Getting by with a little help from our friends...

by Susie Cortright

"Cassie needs to get back to her playgroups," my husband says as he hands me the week's mail. We haven't left the house in days as I'm trying to be vigilant about shielding the new baby from crowds and cold bugs.

Ty tells me how Cassie entered the post office and shouted with incredulity: "Look daddy, a little girl!" The two kids swapped junk mail and giggled for a time before my husband could wrangle Cassie back in the car. He sensed her desperation, and I think the whole thing struck him as a bit pathetic.

"Yes, she's starting to go out of her mind, not having other kids to play with," I agree, but he and I both know we're not talking about just Cassie.

As the days get longer, my husband has been leaving earlier for work. That means that some days, by 10 a.m., the girls and I have done two loads of clothes, seven diaper changes, and two baths. We have fingerpainted, made playdough pizzas, read eleven books and played six rounds of Hide and Seek.

And it means that, by this time in the middle of the morning, I'm already wondering how I'm going to fill the remaining eight hours of my husband's workday.

In short, I miss Cassie's playdates. I love having friends come to visit us, but I miss packing the girls in the car and heading over the hill to where the action is. I miss the squeak of dried-up markers and the salty smell of playdough from Tuesday's playgroup. I miss the librarian's nervous giggle during story hour on Wednesdays. I miss the library's cardboard clubhouse where Cassie can safely retreat from her mommy for ten minutes each week. I miss Thursday's tumbling class and all the giggles and squeals of the two-year-olds as they skooch off the pommel horse and roll across the mats.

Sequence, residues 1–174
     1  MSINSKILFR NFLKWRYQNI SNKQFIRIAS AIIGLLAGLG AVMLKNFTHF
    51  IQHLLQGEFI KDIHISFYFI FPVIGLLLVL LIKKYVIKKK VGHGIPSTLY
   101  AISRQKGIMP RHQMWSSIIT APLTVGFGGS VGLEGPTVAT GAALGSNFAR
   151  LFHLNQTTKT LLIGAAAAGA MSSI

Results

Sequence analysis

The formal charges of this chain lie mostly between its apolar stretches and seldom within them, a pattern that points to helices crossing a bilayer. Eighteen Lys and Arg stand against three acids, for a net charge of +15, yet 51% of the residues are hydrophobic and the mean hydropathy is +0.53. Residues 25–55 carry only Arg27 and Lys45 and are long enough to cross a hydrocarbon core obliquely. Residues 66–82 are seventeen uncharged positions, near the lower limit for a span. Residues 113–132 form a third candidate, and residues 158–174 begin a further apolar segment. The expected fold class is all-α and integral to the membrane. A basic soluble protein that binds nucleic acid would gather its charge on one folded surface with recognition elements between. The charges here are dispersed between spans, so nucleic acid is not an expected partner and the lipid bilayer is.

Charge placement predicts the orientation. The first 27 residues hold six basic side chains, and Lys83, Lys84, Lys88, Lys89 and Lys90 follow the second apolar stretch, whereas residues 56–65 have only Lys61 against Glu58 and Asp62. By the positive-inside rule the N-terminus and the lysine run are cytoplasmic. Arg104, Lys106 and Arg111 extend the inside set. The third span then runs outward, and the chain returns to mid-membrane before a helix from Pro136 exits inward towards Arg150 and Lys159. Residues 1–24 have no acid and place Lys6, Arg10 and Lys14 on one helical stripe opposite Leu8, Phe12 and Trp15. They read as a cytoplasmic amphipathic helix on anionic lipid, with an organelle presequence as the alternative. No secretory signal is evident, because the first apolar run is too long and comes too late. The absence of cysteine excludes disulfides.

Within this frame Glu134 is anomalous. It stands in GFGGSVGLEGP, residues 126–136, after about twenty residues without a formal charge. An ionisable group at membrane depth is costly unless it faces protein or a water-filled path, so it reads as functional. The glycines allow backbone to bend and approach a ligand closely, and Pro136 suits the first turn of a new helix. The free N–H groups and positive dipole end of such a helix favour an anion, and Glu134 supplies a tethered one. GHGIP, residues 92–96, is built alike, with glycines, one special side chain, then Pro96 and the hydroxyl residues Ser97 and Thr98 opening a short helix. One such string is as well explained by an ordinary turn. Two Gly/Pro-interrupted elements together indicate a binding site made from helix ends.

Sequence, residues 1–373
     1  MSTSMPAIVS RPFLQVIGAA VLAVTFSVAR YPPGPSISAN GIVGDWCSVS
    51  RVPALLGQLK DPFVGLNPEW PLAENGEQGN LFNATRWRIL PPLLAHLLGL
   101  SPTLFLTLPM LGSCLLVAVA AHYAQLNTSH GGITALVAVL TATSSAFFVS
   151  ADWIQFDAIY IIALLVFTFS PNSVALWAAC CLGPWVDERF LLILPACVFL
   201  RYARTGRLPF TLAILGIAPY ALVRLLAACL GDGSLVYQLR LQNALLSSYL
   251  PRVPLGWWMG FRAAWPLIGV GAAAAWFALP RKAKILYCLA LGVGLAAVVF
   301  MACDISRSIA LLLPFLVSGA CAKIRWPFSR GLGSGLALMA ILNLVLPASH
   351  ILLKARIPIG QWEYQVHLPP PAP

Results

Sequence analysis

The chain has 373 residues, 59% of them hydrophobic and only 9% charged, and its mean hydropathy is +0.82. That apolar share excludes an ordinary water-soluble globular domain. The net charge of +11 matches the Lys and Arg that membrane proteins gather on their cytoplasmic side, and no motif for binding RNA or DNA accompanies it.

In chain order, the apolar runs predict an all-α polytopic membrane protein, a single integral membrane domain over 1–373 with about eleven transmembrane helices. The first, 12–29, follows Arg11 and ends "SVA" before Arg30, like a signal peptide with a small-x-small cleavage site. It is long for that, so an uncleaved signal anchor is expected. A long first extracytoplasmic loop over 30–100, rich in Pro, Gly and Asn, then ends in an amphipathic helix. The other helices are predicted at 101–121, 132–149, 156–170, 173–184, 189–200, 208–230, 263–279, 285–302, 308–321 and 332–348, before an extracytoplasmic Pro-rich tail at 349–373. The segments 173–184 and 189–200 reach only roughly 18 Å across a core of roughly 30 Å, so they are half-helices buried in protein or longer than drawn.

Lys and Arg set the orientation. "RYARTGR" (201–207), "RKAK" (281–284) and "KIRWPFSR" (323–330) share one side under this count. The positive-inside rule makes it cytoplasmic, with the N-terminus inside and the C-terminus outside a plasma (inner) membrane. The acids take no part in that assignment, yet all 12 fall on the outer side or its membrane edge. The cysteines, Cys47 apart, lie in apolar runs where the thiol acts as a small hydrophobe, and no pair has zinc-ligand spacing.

I miss our weekly Mom's Night Out. (Okay, I REALLY miss Mom's Night Out.) I suppose that means I miss Cassie's friends, but - most of all - I miss the mommies of Cassie's friends. These are women who reassure me that I can handle about as much as I have to handle. They are women who encourage me to be a good mom just by being good moms themselves. The last two weeks has brought to light how much I rely on their insight, their senses of humor, their abilities and their support.

In the interim, I have come to rely on this, my online support network. Your e-cards and emails mean so much to me and help me to reconnect any time of day, even in the wee hours, which is usually the only time I can sneak away for computer time. I've printed and saved some of your encouraging words. I keep them in a file for those infrequent but very real days when I feel as empty and spent as a crushed soda can by 10 a.m.

Even in the face of those long days, an existing support network of moms with children of similar ages and stages has made all the difference with this second child.
Momscape features articles on how stay-at-home moms can cope with isolation as well as tips on creating a support group of your own. Check them out. Then, choose a night this week to get together with your friends - sans kids. Enjoy a glass of wine or a tall, cold Coke and the company of adults. Then make a point to encourage one another because no one can do that like a mom.